This isn’t the first time I’ve interviewed Janelle Jones about women of color. I’ve been reading her recent work on racial wealth gaps, and I interviewed her about her career recently. She is an economic analyst at the Economic Policy Institute (EPI), a think tank that focuses on including the needs of low- and middle-income workers in economic policy discussions. Janelle Jones works for EPI’s Program on Race, Ethnicity, and the Economy (PREE), which is a nationally recognized source for expert reports and policy analyses on the economic condition of America’s people of color.
EO: A lot of your research revolves around the labor market for minority races. How do you use your platform to help people get an insight on the life of minority workers as not one dimensional?
JJ: Just as important as doing the research is how you communicate that to different audiences. Part of that message is to provide the data to support things racial and ethnic minorities have been saying for decades – there is racial discrimination in every aspect of the labor market that is no way the fault of workers. The other part of that communication strategy is to portray a larger vision of life for workers of color. In spite of structural barriers, racial and ethnic minorities are represented all across the labor market, in every occupation and industry. It is a mistake to talk about workers of color as a monolith. The obstacles to economic success for Latinas in the Southwest are different than the obstacles for black men in the Midwest. And at EPI, we try to make sure our data show the fullness of life for workers of color, and how that will take different policies to ensure economic equity.
EO: Do you witness these hardships in some of the people of color you know? How does that motivate you in your day to day work life?
JJ: A significant portion of my research is informed by the experiences I, and others close to me, have had in the labor market. There was a time when I thought researching topics of which I am personally invested would make me less objective, and thus a less effective researcher. I have come to decide that is completely false. My personal experiences have helped me in two distinct ways. First: It allows for a context and framing that is completely lost if there is only a focus on the numbers. It is nearly impossible, and I think less persuasive, to communicate economic data on racial and ethnic minorities without an accurate narrative of how we ended up in our current circumstances. Second: This is hard work, and to use “slow” as the pace of change is an exaggeration. But the potential impact on the people closest to me is a constant motivation that keeps me passionate and working towards solutions.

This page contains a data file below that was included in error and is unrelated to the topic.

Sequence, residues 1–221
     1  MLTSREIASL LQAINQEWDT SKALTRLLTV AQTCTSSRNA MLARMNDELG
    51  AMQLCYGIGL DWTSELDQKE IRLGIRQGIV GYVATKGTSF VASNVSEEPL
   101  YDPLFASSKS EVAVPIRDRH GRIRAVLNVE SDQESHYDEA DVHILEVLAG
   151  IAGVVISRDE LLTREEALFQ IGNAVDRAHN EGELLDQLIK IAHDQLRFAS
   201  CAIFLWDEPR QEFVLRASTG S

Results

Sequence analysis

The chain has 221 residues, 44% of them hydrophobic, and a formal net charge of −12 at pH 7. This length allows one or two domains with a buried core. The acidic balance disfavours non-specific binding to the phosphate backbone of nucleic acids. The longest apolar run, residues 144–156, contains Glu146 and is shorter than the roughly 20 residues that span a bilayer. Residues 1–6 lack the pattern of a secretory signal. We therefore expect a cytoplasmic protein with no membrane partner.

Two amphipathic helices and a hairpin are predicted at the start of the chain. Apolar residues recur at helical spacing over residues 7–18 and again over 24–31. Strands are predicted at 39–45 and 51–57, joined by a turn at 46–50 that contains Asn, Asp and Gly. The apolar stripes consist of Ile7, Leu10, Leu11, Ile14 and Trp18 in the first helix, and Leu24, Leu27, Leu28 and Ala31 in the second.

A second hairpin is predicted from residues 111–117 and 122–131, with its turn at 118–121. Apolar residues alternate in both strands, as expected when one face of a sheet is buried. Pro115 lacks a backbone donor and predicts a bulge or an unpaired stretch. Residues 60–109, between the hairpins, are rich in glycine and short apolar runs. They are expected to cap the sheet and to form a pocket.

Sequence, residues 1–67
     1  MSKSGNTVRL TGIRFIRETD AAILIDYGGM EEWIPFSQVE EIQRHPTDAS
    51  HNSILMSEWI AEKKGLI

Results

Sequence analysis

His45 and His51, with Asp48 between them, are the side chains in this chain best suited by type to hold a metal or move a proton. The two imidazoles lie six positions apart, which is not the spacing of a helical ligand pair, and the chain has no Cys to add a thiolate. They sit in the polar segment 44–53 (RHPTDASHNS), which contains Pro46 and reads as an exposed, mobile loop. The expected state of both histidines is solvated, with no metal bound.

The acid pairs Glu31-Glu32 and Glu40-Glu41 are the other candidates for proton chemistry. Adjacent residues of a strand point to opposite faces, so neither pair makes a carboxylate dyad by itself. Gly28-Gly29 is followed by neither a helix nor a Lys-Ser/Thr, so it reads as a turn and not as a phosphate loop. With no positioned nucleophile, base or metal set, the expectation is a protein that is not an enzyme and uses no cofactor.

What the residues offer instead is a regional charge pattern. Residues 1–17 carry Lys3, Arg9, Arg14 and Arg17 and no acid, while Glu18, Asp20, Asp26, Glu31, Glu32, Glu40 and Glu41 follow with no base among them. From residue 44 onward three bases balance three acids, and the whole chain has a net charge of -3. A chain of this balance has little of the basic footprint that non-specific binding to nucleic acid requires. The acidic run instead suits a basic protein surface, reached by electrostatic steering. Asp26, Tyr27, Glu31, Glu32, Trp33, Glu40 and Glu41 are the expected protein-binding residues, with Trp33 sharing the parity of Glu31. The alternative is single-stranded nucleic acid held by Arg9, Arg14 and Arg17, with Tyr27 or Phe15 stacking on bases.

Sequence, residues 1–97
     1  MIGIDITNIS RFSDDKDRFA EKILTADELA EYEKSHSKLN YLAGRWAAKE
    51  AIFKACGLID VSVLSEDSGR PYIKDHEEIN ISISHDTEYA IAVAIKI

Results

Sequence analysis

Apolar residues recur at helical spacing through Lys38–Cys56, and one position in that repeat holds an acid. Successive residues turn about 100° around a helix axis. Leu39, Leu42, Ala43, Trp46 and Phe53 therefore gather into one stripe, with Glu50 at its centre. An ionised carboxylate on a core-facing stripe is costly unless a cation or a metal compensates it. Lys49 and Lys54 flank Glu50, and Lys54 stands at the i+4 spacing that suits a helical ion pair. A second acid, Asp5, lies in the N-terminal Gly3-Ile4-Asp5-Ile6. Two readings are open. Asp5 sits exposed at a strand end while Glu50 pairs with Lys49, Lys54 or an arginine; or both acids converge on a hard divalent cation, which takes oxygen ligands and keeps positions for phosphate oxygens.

EO: How does your role as a black woman in policy research help to shape perspectives in think tanks such as EPI? Why does this representation matter?
JJ: If the voices of black women are not included in producing research and promoting policy solutions, then those products will not result in positive outcomes for us. So often I am the only person in the room that looks like me, and just my presence can change the direction of the conversation and make it more inclusive. There is sometimes useful discussion about women, or about racial and ethnic minorities, but it is that distinct intersection of race and sex that is often left out. The data show that this intersection, with overlapping and intertwined discrimination, is deserving of targeted research and policy.
Let me put it in a more personal way: Until I had a job in a think tank, I had no idea it is something black women do! I would like for no other little black girl to think this is a career she can’t have.
Eunice Owusu is a Council on Contemporary Families intern as well as a senior Sociology Major at Framingham State University. Janelle Jones is an economic analyst at the Economic Policy Institute. Follow her on twitter at @janellecj.